The user capacity for a single virtualized Standard Edition server is 2,000 users. You can add more user capacity by adding more virtualized Standard Edition servers. If you do so, each virtualized server must run on a separate physical host server.

    • Data center topology, supporting up to 40,000 users.

    You can read the full details in the "Planning for Other Features in Microsoft Lync Server 2010 (Release Candidate)" document

  3. Hi Jonathan,

    The below is from the Planning for EV Lync RC…

    To enable voice mail survivability for branch site users, the following configurations are recommended:

    – An Exchange administrator should configure Exchange UM Auto Attendant (AA) to Message Taking Mode. This is a special type of AA that disables all other generic functionality, such as transfer to a user or transfer to an operator, and limits the AA to only accept messages. Alternatively, the Exchange administrator may choose to use a generic AA, or an AA customized to route the call to an operator.

    – The Lync Server administrator should set the AA phone number as the Exchange UM Auto Attendant phone number when configuring voice mail rerouting for either the Survivable Branch Appliance or branch server.

    – The Lync Server administrator should set the Exchange UM subscriber access number that corresponds to the branch user’s Exchange UM dial plan as the Exchange UM subscriber access number when configuring voice mail rerouting on the Survivable Branch Appliance.

    – The Exchange administrator should configure Exchange UM so that only one dial plan is associated with all branch users who need access to voicemail during a WAN outage.

  4. Bjorn Andersson says:

    Great list!! I'll borrow it to my Swedish blog (

    I also liked your posts about deploying an Lab environment off Lync server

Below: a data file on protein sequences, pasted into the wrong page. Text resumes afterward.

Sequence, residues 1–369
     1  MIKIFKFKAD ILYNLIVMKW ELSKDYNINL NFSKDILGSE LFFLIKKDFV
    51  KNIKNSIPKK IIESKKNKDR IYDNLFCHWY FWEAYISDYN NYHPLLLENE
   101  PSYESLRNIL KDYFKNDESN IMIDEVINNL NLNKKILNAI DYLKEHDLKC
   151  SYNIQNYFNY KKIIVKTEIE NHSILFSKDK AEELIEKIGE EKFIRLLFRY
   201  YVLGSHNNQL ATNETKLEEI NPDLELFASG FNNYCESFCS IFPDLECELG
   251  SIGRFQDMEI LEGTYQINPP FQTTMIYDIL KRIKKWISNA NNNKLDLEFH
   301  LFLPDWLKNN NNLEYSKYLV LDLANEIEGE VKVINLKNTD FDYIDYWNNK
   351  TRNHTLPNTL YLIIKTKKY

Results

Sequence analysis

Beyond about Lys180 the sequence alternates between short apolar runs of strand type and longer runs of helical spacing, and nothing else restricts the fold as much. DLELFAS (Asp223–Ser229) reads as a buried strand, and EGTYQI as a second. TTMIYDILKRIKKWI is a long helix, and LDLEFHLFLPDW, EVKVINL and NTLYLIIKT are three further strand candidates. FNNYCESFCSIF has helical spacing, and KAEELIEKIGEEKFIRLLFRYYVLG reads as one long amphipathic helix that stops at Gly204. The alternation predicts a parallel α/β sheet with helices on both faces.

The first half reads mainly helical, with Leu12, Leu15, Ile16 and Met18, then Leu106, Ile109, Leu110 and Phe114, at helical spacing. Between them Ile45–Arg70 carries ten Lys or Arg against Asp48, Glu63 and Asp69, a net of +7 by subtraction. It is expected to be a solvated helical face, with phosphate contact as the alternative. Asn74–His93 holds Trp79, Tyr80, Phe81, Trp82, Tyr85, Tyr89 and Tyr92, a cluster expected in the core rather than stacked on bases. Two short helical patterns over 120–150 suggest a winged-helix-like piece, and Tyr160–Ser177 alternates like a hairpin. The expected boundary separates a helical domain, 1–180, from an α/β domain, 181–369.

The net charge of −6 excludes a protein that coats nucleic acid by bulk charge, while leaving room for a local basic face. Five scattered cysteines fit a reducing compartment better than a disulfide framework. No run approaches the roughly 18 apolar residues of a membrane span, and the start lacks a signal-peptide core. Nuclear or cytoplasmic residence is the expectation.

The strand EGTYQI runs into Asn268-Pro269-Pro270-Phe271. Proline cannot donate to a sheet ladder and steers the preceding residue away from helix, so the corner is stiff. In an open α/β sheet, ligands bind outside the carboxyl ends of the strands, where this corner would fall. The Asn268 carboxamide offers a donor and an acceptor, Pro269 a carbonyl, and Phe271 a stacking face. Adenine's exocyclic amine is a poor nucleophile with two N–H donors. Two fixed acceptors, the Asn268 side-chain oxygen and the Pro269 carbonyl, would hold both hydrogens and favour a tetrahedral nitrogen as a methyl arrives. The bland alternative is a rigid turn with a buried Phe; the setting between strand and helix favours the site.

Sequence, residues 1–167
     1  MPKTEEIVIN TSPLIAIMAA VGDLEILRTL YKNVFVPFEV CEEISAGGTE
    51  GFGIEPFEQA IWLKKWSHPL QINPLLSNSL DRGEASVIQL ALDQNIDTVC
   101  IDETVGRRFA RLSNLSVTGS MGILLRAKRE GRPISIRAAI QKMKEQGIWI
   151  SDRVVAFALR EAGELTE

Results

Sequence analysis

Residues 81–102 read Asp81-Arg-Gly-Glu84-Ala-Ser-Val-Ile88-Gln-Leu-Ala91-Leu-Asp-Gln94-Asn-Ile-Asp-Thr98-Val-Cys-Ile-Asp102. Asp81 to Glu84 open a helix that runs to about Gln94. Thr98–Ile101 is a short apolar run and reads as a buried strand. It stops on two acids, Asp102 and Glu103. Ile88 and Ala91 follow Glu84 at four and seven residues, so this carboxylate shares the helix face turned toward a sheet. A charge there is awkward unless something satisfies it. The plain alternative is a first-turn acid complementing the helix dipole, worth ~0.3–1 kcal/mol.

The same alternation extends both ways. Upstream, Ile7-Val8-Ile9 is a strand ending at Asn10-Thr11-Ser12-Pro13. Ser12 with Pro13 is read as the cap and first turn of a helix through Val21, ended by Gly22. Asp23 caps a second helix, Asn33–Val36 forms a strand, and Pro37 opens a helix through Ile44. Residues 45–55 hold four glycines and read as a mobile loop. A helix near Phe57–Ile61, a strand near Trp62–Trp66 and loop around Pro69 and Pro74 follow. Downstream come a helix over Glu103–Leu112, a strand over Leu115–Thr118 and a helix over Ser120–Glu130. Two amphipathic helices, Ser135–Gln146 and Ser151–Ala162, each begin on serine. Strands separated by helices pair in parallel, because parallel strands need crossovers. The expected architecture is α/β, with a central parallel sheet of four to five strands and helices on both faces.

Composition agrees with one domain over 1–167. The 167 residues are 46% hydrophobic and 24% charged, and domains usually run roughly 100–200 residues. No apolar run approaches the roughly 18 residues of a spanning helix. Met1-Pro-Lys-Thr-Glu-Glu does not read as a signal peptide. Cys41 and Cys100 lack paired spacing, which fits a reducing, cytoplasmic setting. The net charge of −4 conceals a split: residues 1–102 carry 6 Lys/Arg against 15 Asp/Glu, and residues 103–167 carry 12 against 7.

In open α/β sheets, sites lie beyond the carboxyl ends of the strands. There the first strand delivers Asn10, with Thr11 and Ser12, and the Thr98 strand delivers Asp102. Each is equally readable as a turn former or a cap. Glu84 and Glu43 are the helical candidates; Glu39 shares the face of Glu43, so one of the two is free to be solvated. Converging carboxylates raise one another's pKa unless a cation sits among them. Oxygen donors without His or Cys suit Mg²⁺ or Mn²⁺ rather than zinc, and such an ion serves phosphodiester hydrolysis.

5. Thomas Lee says:

    Excellent list!

    Of interest will be the ability to fully virtualise all of the Lync workloads. Yeah!

  6. Keith Kendall says:

    Is it true that only Enterprise Edition will be supported if virtualized, or can you virtualize Standard Edition and be supported?

  7. Keith Kendall says:


    Thanks for the info.

    Is there any documentation on using the Merge-CsLegacyTopology command, or the Merge 2007 R2 Topology wizard in the Topology Builder? We are trying to move users from a 2007 R2 environment to a new Lync Environment,

  8. Jonathan Birkett says:


    Great article, I have a question regarding the SBA feature : Leaving voicemail :

    I'm interested in exactly how this feature will behave. The SBA will re-route the call for voicemail via the PSTN to the ExUM OVA numbers I assume?

    This will mean the caller will be presented with the default auto-attendant, as the calling coming into ExUM won't have a diverted number associated to it (PSTN doesn't support passing divert headers). So the caller would need to provide the name or number of the person they called again to the ExUM Autoattendant?



  9. Franco says:

    Hi, Thanks for the info.

    Is there any documentation about integration with Cisco CUCM and/or Avaya ACM ?



  10. James H says:

    How do I setup basic IM functionality to MSN? I have completed the provisioning request with Microsoft but cannot IM either way

  11. anonymouscommenter says:

    Pingback from Microsoft Café: Episodio Regular #17 | Dr. IT Pro